Wednesday, March 30, 2011

The Cost of Loving a Horse

I spent the morning in the barn watching my horses get new shoes. Custom made, shiny silver rims for their feet that would enhance their way of going, make them more comfortable and cause someone watching them move say, "Nice."

Then I looked down at my mud covered, steel toed work boots and saw my friend Jill's bright new clogs instead. She'd posted pictures of them on Facebook and her excitement over her new acquisitions leapt off the page. What is wrong with me, I thought. I should be writing a check for my own movement enhancing, feel good apparel, not spending all my money on these beasts. Image, my thirty-two year old Thoroughbred snorted. He only got a trim, not a set of shoes.

I glanced at him. Perhaps, I could use his share of the horse budget to buy myself some Jill-like happiness?

Then, I really looked at Image. His hips show his age, his coat, too. His time here is finite. And, I knew my thoughts of clogs making me happier than being in the barn with this old horse were no more than daydreams.

The reality is, if new shoes might keep Image around longer, I'd happily go barefoot.

Image, Bob and Kernan

Sunday, March 27, 2011

The Other side of Horse Ownership

Summer Games-One of my horses

I went riding in the rain this morning, trotted across the soft ground in rhythm with the falling moisture. Once in the woods, I lifted my face upwards, glimpsed flashes of a lavender sky through a shifting cover of pale green. Cleansed by fresh air and pristine water, I breathed deeply of the promise of spring and turned toward home. My hand ran through my thoroughbred's mane. He relaxed, stretched long and low. I followed his example and let go of the things I worry about.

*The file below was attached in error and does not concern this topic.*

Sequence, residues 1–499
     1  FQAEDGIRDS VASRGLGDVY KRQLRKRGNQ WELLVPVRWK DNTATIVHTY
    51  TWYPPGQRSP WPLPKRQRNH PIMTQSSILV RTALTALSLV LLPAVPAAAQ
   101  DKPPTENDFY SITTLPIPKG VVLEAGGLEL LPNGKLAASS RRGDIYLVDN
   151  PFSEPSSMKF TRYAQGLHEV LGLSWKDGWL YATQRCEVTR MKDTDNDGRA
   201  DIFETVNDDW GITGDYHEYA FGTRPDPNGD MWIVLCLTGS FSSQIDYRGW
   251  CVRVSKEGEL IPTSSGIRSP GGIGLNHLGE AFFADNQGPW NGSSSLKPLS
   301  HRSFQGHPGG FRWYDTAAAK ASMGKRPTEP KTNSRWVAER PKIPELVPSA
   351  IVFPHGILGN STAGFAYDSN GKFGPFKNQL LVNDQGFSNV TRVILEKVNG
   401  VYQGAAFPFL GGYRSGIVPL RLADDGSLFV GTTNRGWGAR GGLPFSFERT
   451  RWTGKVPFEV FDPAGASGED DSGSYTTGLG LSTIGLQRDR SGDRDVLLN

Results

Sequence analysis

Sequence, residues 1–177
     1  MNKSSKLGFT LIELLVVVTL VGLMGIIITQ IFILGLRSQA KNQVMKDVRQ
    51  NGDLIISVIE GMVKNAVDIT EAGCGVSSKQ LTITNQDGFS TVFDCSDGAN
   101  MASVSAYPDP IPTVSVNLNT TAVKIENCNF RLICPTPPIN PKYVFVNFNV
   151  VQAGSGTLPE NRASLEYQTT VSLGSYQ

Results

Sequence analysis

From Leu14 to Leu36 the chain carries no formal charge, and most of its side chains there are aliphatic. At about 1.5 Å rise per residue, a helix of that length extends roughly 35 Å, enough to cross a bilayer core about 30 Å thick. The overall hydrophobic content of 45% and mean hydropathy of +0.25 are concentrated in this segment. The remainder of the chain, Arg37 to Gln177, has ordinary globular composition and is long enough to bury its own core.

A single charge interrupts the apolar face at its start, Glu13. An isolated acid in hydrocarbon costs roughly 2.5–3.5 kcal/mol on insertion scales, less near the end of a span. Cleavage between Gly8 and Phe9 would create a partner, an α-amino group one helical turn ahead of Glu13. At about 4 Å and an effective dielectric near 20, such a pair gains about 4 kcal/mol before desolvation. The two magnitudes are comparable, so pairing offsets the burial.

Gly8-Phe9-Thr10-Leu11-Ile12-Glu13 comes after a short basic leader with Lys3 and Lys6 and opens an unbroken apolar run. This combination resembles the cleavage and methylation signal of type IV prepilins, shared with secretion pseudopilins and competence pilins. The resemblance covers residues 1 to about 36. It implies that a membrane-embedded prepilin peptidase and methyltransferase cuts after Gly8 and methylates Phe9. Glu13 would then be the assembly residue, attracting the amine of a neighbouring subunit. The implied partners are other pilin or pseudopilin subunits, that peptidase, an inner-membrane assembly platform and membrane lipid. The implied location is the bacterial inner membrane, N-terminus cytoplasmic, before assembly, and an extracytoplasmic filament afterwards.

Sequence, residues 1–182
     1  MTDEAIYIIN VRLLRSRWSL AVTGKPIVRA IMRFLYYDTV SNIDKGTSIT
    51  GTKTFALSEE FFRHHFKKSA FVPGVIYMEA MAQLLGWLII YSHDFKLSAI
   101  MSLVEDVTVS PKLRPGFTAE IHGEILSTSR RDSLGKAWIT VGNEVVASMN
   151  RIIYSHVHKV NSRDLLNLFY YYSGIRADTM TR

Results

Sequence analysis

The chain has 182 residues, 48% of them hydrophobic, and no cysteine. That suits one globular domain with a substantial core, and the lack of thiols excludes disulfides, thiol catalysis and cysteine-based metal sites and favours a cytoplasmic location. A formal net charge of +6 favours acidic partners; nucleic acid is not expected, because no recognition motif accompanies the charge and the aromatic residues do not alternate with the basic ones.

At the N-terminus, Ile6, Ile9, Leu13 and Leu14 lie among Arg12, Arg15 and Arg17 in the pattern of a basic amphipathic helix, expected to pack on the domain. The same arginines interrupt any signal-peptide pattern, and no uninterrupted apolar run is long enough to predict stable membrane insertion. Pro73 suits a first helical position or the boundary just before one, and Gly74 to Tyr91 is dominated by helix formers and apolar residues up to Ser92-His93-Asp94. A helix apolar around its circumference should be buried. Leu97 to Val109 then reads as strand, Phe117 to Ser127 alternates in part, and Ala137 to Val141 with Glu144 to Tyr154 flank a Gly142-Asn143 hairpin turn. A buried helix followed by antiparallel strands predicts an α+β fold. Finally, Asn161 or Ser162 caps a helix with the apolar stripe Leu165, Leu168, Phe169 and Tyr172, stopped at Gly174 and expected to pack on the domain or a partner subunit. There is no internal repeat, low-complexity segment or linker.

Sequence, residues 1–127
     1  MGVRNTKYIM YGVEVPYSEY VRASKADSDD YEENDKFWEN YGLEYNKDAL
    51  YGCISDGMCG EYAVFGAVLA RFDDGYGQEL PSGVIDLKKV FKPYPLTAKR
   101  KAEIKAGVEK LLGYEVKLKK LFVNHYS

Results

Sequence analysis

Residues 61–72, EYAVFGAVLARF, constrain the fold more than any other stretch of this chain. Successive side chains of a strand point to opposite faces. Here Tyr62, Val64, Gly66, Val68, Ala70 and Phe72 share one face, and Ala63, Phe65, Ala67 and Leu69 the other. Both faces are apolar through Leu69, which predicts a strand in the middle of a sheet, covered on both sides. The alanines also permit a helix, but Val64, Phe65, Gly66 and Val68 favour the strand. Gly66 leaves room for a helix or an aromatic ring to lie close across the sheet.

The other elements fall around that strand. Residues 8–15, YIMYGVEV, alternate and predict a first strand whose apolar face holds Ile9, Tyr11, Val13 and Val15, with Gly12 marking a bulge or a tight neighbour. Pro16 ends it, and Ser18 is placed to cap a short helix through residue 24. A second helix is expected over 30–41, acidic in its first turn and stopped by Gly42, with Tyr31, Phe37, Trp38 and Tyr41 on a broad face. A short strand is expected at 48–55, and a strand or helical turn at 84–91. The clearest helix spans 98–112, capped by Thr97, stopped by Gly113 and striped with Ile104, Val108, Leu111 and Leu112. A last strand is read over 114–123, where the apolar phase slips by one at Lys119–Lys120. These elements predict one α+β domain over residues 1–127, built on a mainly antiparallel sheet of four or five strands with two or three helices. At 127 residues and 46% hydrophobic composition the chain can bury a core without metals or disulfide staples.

Horses add a wonderful dimension to my life. Sometimes, I forget that when cleaning their stalls.

Friday, March 11, 2011

Horse Play

"I want to have fun," I say.
Sun's out, weather's warm. These darn chores can wait. I grab the nearest horse, my new thoroughbred, out of the field, scrape off yesterday's mud and throw on my saddle. Rustic shimmies left and right as I tighten the girth signalling his desire to rejoin his buddies.
"If you don't have to work, I shouldn't have to."
"Yeah, yeah," I say, then cock my head. Have I just been talking to a horse?
He turns his head my direction and blows. I wipe the fine droplets of exhalations off my brow and decide I really should spend more time with humans. He agrees with a vigorous nod.
In the tackroom, I select the fat, rubber bit. It will fill up his mouth and garble his speech, just in case Rustic thinks he wants to continue his smart mouthed ways. I chuckle at my own penchant for giving horses human characteristics, finish tacking up and climb aboard.
Today, Rustic wants to go on a trail we've never taken. I let him have his way, simply happy to be out. He picks up a trot, extends it. I'm tossed high in the air on each shoulder thrust, drop back in the saddle on each down beat. The trail bends and we enter a shady, pine-bough tunnel.  I ask for a walk. The needles strewed under our feet can be slick.